• Giacomo Mazzocato’s Accessibility Color Wheel:This web-based tool includes several options for testing your color selections, including simulations of three types of color blindness. You can also opt to test what your contrast ratio is when the foreground and background color selections are inverted.

Links must be visually distinct from both the surrounding, non-linked text and the background color. If you do not underline your links (or provide some other non-color cue), you must ensure that you provide both sufficient contrast between the link and background colors and between the link color and that of the surrounding text.

Web Content Accessibility Guidelines (WCAG 2.0) require a:

• 4.5:1 contrast between the link text color and the background
• 3:1 contrast between the link text color and the surrounding non-link text color[2]

## High-contrast mode

Some students need to see light text on a dark background for it to be readable, while others require dark text on a light background. Students with low vision (like Diana) must be able to see content when it is displayed in high-contrast mode. This can be a subjective experience, based on individual student needs. We recommend testing your text- and image-based content as you go by using high-contrast mode on your own computer and making adjustments as needed.

All content items such as text, images, bullets, and table borders must be visible in both regular and high-contrast modes.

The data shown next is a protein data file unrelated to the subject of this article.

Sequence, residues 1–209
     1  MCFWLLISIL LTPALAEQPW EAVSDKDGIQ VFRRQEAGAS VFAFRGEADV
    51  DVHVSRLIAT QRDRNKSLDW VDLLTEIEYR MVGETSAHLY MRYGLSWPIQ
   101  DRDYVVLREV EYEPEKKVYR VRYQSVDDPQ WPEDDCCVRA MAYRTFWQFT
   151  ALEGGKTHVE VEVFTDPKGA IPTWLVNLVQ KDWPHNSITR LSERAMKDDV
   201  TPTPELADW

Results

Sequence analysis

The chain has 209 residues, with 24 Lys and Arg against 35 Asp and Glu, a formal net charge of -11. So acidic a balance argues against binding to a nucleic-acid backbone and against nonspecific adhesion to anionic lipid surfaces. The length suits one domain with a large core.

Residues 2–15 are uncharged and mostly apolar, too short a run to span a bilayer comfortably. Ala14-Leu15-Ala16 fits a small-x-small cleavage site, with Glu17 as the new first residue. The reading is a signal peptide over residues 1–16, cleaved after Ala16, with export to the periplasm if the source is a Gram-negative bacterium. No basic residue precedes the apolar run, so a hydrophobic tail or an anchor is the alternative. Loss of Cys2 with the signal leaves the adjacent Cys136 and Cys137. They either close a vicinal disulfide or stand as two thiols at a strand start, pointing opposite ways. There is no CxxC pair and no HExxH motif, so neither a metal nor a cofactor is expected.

##### How to Test Your Content in High-Contrast Mode

To test the visibility of your content in this mode, turn on high contrast by simultaneously pressing the following keys on your (PC) keyboard:

Left ALT + Left SHIFT + Print Screen.

To turn off high contrast mode, repeat this step.

## Use of color

You should not rely on color as the sole means of conveying information and instruction. If the point you are making depends on color to be understood, you will need to edit your materials so that concepts presented in the visuals are not lost to those who are color blind or who require high contrast between colors.[3]

For more information on using color to convey information, see the Images chapter.

1. WCAG defines three levels of minimum accessibility standards: A, AA, and AAA. AAA outlines the highest level of minimum standards for web accessibility. Large text can have a lower contrast ratio (4.5:1). In addition, text that conveys no information or is part of a logo has no color contrast requirements. See "Web Content Accessibility Guidelines (WCAG) 2.0, Guideline 1.4.6 Contrast (Enhanced)," WC3, accessed February 28, 2018, http://www.w3.org/TR/UNDERSTANDING-W...contrast7.html.
2. "WCAG 2.0 and Link Color," WebAIM, accessed June 7, 2018, http://webaim.org/blog/wcag-2-0-and-link-colors/.
3. "Web Content Accessibility Guidelines (WCAG) 2.0, Guideline 1.4.1 Use of Color," WC3, accessed June 7, 2018, http://www.w3.org/TR/WCAG20/#visual-audio-contrast.

3.8: Colour Contrast is shared under a CC BY 4.0 license and was authored, remixed, and/or curated by LibreTexts.